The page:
St Valentine’s Day around the world
St Valentine’s day or as it is more popularly known nowadays, Valentine’s Day is a day when most countries celebrate love. I have come across people who do not believe in the day because they are of the opinion that love should be celebrated every other day.
True, but how many people actually celebrate love with such exuberance on ordinary days of the year?
So if for one day lovers can go all out to declare their love for each other and be purposeful about it, I say bring on Valentine’s Day.
Different countries have customised their Valentine’s Day traditions and I chose a few interesting ones to write about
In Brazil they celebrate what is called Dia dos Namorados which means “Day of the Enamoured” on June 12. They celebrate it a day before Saint Anthony’s Day. Saint Anthony was a marriage saint.
In Japan, on the February 14, the women buy the men chocolate. If it is a platonic relationship or the man is a close relative the women buy a chocolate called “kiri-choco”. If the man is a boyfriend, husband or lover a different chocolate is bought, namely “hon-mei”
A month later on March 14 the men reciprocate the affection by buying any woman who remembered them on Valentine’s Day a white chocolate. The day is called “White Day” because of the white chocolate.
The French are like most countries and also exchange Valentine’s gifts, mostly flowers and chocolates. They express love to all those close to them and not just their lovers.
In the Middle Ages it was a common belief that birds began to mate half way through the second month of the year.
Everyone gets involved in Scotland The Scottish Valentine’s Day celebrations are my favourite. This day involves everyone in Scotland.
The children make cards and write poems on them. The grown-ups exchange cards and or gifts with their loved ones and close relatives.
However the cards are sent anonymously. They enthusiastically wait for the postman to deliver their cards.
They also write messages on the envelopes to encourage speedy delivery of the mail. In Scottish custom the first young man or woman one encounters in the street or anywhere else becomes their Valentine for the day.
In the evening men and women gather for games at Valentine’s parties. One of the popular games involves an equal number of men’s names and an equal number of women’s names being placed in separate hats.
A woman picks a name from the men’s hat and that becomes her date for the entire evening. These kinds of games have been known to result in unusual marriages.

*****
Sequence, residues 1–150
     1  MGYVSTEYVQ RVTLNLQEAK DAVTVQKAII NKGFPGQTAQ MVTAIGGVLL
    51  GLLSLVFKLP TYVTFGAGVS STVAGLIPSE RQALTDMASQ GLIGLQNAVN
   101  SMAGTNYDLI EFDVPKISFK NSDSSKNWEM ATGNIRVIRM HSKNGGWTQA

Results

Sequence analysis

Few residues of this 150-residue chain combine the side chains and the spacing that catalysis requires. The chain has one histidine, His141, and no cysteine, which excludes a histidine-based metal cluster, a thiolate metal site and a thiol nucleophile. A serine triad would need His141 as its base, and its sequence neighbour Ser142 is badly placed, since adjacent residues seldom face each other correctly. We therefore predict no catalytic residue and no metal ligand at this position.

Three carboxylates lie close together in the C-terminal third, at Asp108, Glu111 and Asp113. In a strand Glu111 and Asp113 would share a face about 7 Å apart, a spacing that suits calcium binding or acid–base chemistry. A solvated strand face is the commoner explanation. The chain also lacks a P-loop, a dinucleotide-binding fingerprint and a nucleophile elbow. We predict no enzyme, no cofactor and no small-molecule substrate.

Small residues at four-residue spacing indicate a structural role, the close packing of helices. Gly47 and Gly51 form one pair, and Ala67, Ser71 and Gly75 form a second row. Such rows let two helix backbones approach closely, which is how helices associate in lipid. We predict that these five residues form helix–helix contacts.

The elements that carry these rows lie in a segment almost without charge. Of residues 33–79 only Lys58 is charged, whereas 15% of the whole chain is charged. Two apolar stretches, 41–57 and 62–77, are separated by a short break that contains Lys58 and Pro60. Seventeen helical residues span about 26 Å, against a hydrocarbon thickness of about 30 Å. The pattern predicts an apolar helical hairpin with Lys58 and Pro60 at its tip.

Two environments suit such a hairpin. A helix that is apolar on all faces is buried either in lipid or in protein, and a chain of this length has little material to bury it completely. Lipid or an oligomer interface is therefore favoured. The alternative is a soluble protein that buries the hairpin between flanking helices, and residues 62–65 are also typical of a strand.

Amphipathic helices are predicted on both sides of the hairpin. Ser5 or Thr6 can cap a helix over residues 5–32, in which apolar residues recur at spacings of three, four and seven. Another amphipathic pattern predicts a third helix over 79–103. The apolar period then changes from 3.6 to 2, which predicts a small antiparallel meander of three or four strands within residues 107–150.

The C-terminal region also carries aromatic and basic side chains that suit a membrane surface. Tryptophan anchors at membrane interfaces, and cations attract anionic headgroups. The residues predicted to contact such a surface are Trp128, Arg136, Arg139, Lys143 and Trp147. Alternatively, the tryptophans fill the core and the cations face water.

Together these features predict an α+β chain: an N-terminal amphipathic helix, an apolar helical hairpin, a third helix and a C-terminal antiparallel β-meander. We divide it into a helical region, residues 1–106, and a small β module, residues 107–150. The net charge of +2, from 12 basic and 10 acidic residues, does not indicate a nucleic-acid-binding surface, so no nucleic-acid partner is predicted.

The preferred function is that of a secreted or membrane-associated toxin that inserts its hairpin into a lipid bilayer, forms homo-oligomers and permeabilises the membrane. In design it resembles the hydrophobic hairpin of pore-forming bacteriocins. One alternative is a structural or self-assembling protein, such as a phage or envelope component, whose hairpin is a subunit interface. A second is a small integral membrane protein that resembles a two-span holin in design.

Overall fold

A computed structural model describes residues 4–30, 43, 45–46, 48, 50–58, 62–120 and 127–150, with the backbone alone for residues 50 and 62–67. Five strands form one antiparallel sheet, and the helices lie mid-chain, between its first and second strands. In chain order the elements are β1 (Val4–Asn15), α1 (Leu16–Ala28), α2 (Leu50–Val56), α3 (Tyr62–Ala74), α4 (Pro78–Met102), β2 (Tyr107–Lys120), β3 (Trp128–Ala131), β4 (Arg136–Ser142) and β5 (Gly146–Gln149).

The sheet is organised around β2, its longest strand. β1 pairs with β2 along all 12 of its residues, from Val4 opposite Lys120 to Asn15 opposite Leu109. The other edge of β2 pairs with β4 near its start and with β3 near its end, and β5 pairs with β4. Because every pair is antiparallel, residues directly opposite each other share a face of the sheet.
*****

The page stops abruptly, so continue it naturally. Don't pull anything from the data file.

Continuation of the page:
The Indians were hesitant to celebrate Valentine’s Day as they believed it was a Western import and was not relevant to their culture.
However, the youth of the country are now celebrating Valentine’s Day. They too exchange the typical Valentine’s flowers, gifts and cards.
As in most countries that celebrate the day, a lot of marketing goes into the day with stores and media creating a buzz about the day.
Like the Indians, the Italians also believed Valentine’s Day to be a Western import and they celebrated their own day known as Il giorno della festa degli innamora.
This day is primarily for lovers, so platonic friends as well as family could not participate in the day by exchanging gifts
Recently, Italian lovers have begun to express love to each other through the exchange of gifts and other Valentine’s paraphernalia and going out to dinner at their ristorantes and pizzerias.
They also have a tradition that encourages the exchange of diamonds, roses and perfume, depending on the age and preferences of the person receiving the gifts.
Zimbabwe’s celebration of love heavily influenced by the West
Last but not least, we look at how we celebrate Valentine’s Day in Zimbabwe. Restaurants and hotels have Valentine’s Day specials. The dinner costs more than it could on the average day. Meals now go for twice as much with promise of something more special.
The gift shops have had hearts and teddies in their display windows well in advance. Red roses are on the increase .
Florists definitely look forward to the increase of business with deliveries of flowers to various men and women around the cities.
When I was in high school Valentine’s Day was something the school celebrated together. Being an all girls’ school the arrival of boys with large bouquets of flowers, teddy bears with hearts that had the inscription “I love you”, chocolate, single red roses and cards created a buzz among the ladies.
If you had a boyfriend it was obvious one of those gifts was yours, if you did not you at least hoped you had an admirer so you would not feel left out.
All the cards were read out in front of the whole school. Oh, the days of young, innocent, uncomplicated love. We would also send our gifts to the different boys’ schools in Harare.
Zimbabwe is influenced a lot by Western culture so we celebrate in similar manner to the United States.
The high schools also host Valentine’s Balls or dances. Maybe it is about time we seriously considered personalising our Valentine’s Day.
'With Love from the DAWG Team' by ArtfulPurpose
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